I don’t think anyone foresaw the leaps in communication. If i heard anything about the impact of the internet (before it appeared) I don’t remember it. When I think that my grandmother was born in the 19th century it is hard to believe all the changes.
I hope that as we head into a new year that younger people (than me) will make communicating over distances a way to bring us closer together without losing the importance of being able to physically touch someone. We are social beings who need touch. It is critical to our well being. Without it we can end up with attachment disorders that can make our life and the lives of those around us horrible. Humans need bonding. We can’t let that get away from us!
I know this kind of relationship is difficult for some and that might be attributed to their upbringing. I hope that in the new year you may each find your comfort zone with another person and be able to get a hug when you need one.
At last! Christmas is over for another year. I love it but it is also good to be done with the busyness. It is also good to have the days spent at the Mayo Clinic done and hopefully only one more visit before he is finished. As a nurse I have been so impressed with the patient centered care and the organization of everything there. Appointments of any kind are on time. When in the hospital you can order your own meals at any time, within certain hours, and the food is delicious. It is medicine as ideal as possible.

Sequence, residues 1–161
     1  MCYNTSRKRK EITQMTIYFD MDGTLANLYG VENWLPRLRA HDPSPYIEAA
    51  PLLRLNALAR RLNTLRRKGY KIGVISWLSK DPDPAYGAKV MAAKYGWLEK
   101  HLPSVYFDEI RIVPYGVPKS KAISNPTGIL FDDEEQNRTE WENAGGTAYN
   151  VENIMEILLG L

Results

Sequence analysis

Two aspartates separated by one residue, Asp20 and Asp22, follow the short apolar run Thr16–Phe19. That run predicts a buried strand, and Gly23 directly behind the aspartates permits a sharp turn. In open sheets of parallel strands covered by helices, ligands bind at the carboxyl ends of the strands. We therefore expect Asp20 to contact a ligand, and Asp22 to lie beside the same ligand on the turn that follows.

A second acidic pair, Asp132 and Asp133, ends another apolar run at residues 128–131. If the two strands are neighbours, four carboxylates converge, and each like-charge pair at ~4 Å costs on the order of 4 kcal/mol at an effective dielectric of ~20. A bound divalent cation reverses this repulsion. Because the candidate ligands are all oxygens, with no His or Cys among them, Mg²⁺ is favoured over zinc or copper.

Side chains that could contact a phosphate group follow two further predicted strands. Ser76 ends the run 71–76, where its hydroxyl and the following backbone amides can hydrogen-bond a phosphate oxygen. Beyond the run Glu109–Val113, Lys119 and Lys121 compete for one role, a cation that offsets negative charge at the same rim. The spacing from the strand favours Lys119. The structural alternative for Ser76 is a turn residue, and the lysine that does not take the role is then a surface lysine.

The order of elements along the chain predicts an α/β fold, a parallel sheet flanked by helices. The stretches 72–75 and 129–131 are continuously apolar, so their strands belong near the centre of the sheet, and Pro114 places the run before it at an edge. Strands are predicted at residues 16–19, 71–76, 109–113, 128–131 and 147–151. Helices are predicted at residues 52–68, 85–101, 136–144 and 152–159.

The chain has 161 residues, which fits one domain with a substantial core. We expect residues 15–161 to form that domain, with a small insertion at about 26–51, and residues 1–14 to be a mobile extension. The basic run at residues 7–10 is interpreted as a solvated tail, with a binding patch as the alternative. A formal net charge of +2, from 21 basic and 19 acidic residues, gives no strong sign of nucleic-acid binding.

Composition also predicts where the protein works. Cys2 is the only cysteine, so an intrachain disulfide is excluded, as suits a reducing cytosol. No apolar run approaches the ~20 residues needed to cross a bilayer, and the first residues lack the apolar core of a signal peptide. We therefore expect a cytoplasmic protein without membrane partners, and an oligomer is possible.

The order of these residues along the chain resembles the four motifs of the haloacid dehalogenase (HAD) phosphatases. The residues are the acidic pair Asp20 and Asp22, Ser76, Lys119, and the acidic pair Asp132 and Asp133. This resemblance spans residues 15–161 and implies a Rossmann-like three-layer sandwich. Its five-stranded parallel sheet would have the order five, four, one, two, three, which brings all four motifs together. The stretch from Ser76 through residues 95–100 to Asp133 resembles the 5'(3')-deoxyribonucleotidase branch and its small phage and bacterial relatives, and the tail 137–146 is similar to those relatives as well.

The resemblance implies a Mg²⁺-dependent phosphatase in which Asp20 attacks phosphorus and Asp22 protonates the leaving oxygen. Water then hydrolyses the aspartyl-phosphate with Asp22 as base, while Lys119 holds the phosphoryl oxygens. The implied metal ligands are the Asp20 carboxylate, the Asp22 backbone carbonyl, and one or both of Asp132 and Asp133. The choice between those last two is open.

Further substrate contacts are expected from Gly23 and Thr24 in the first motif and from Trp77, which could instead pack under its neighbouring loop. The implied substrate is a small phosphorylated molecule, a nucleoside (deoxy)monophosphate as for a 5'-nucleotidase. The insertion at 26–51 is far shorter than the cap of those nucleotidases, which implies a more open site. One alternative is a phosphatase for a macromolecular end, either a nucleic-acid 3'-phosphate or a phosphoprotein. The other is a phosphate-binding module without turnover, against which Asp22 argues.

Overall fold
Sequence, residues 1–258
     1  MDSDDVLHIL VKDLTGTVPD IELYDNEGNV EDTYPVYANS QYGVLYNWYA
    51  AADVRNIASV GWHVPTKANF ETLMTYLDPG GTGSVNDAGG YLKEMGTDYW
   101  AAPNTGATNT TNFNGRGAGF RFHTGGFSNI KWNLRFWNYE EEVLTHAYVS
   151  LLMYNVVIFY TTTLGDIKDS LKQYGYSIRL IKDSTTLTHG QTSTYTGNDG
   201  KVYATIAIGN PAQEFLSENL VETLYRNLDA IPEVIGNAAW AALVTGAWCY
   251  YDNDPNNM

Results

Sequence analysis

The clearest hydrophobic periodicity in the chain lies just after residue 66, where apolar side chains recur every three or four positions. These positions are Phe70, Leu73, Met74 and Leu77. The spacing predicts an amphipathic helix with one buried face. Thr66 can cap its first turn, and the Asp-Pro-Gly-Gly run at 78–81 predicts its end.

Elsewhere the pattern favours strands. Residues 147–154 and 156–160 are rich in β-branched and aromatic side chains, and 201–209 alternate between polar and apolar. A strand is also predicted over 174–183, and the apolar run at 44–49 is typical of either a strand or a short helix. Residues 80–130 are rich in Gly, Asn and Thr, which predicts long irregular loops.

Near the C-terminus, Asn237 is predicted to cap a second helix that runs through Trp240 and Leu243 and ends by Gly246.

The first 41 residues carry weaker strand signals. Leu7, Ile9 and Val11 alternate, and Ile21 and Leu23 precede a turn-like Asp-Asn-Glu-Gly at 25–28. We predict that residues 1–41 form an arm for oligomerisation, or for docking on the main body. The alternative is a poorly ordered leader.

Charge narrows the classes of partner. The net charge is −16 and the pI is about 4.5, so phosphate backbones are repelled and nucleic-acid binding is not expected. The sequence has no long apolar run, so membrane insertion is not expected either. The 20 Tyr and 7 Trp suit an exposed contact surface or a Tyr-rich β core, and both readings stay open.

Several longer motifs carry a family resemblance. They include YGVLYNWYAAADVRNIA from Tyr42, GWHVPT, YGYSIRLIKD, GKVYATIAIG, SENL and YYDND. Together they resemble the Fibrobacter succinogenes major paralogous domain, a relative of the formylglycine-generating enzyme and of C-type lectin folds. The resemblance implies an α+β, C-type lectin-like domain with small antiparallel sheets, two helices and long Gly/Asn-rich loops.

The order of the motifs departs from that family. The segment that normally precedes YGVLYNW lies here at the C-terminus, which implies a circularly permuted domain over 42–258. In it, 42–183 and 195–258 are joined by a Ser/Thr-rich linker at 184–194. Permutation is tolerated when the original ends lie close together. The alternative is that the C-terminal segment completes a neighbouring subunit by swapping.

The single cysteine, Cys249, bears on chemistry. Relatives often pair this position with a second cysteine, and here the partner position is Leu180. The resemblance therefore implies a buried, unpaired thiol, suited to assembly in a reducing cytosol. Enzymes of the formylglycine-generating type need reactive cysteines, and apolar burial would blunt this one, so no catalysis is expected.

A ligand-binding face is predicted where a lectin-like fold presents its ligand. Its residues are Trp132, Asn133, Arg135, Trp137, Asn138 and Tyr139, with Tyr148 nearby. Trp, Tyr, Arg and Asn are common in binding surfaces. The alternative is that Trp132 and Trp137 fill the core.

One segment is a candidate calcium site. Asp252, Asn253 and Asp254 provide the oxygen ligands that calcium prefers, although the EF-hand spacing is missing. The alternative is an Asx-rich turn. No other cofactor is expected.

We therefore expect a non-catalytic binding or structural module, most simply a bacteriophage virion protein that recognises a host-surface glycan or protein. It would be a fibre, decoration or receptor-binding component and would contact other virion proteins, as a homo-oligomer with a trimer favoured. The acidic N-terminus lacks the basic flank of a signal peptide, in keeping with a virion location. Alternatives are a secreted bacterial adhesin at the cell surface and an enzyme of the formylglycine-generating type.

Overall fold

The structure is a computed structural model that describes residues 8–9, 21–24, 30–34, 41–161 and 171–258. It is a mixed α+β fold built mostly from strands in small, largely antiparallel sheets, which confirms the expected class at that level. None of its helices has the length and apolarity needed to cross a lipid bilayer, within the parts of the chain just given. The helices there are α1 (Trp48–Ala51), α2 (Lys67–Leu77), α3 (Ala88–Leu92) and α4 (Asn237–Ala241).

Now I feel that I can move into my “new normal” doing court mediations and supporting my friends who are struggling. Unlike many people with anxiety and depression I don’t do well staying home all the time. I have to get out and be with people. I still need my down time but somewhere there is a happy medium.
I slipped on my routine during this time and I know I have to maintain it or else. Tomorrow will be day one of routine maintenance. Back to morning quiet, meditation and writing. It is so easy to slip from routine and so easy to not go back to it. I thrive on routine and hate missing it. That may be part of the getting old (I really don’t consider myself old) thing… getting stuck in my own ways but it sure feels good.